Iron oxidation kinetics for H2 and CO production via chemical looping

R. C. Stehle, M. M. Bobek, D. W. Hahn

Research output: Contribution to journalArticlepeer-review

15 Scopus citations


Solar driven production of fuels by means of an intermediate reactive metal for species splitting has provided a practical and potentially efficient pathway for disassociating molecules at significantly lower thermal energies. The fuels of interest are of or derive from the separation of oxygen from H2O and CO2 to form hydrogen and carbon monoxide, respectively. The following study focuses on iron oxidation through water and CO2 splitting to explore the fundamental reaction kinetics and kinetic rates that are relevant to these processes. In order to properly characterize the reactive metal potential and to optimize a scaled-up solar reactor system, a monolith-based laboratory reactor was implemented to investigate reaction temperatures over a range from 990 to 1400 K. The presence of a single, solid monolith as a reacting surface allowed for a limitation in mass transport effects in order to monitor kinetically driven reaction steps. The formation of oxide layers on the iron monoliths followed Cabrera-Mott models for oxidation of metals with kinetic rates being measured using real-time mass spectrometry to calculate kinetic constants and estimate oxide layer thicknesses. Activation energies of 47.3 kJ/mol and 32.8 kJ/mol were found for water-splitting and CO2 splitting, respectively, and the conclusions of the independent oxidation reactions where applied to experimental results for syngas (H2-CO) production to explore ideal process characteristics.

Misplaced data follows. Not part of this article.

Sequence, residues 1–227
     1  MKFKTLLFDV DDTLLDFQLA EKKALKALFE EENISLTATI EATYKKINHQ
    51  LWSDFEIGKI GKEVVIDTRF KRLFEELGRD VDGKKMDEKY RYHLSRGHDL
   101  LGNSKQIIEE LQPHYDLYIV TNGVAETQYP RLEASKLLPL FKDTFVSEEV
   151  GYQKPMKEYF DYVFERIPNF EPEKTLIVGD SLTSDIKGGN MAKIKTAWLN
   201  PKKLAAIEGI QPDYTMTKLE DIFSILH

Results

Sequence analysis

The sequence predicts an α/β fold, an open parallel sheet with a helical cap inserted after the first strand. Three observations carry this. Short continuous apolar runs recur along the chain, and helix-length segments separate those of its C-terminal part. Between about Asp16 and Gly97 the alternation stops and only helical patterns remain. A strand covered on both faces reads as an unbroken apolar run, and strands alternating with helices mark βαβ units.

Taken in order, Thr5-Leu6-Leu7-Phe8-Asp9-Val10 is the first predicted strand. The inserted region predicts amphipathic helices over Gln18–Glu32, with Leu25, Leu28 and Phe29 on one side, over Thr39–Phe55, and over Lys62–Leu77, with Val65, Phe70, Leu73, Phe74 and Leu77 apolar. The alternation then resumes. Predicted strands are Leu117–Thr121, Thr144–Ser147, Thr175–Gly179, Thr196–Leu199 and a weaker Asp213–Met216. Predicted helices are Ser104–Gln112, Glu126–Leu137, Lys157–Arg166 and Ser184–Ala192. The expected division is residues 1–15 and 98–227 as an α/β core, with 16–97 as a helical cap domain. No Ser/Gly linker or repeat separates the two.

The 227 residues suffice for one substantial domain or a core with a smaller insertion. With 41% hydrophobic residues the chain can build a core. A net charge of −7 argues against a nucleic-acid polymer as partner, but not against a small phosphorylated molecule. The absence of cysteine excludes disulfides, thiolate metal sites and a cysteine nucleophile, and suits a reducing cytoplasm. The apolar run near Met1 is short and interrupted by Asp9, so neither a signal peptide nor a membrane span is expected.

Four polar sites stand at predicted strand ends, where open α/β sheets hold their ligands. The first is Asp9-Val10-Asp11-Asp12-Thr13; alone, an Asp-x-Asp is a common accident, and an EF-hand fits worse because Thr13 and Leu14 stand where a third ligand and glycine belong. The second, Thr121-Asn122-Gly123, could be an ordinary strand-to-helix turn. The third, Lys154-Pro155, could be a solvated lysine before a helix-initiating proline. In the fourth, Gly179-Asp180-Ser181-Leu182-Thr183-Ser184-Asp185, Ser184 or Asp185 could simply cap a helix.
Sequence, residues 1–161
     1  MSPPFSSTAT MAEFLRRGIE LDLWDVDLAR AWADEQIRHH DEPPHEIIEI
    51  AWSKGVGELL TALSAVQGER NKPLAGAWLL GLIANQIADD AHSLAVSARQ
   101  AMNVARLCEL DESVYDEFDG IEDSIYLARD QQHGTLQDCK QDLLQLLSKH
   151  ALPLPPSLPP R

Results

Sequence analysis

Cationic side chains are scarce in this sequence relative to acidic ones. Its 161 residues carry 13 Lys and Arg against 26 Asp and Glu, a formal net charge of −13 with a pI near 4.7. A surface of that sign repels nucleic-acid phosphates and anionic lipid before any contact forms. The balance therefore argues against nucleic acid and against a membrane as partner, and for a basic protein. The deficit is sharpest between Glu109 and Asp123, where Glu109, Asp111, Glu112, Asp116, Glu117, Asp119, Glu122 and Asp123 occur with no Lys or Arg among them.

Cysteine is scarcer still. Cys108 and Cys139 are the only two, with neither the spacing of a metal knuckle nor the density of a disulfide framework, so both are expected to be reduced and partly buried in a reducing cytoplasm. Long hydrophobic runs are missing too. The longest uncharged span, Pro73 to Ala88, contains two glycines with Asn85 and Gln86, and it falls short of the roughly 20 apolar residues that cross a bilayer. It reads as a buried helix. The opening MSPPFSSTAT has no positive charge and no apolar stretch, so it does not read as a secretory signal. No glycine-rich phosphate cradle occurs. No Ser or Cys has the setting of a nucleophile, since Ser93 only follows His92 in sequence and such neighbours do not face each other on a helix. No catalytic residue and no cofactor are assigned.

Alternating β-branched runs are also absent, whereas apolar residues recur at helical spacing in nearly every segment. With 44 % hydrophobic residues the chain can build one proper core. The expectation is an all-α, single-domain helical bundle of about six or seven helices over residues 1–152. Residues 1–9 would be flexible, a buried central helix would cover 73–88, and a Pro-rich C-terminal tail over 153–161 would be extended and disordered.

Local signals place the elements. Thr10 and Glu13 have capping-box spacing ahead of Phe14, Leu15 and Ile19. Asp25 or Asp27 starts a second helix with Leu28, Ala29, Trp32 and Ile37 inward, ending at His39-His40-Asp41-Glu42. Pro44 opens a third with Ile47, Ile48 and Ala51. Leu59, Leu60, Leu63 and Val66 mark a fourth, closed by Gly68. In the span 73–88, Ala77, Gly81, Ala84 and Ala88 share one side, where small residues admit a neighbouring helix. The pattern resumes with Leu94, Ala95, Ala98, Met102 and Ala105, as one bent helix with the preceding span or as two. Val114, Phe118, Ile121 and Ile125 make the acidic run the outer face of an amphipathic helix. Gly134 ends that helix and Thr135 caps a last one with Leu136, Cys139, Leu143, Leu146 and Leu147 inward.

Original languageEnglish (US)
Pages (from-to)1675-1689
Number of pages15
JournalInternational Journal of Hydrogen Energy
Issue number4
StatePublished - Jan 30 2015
Externally publishedYes


  • CO production
  • CO-splitting
  • Hydrogen production
  • Magnetite
  • Steam-iron process
  • Water splitting

ASJC Scopus subject areas

  • Renewable Energy, Sustainability and the Environment
  • Fuel Technology
  • Condensed Matter Physics
  • Energy Engineering and Power Technology


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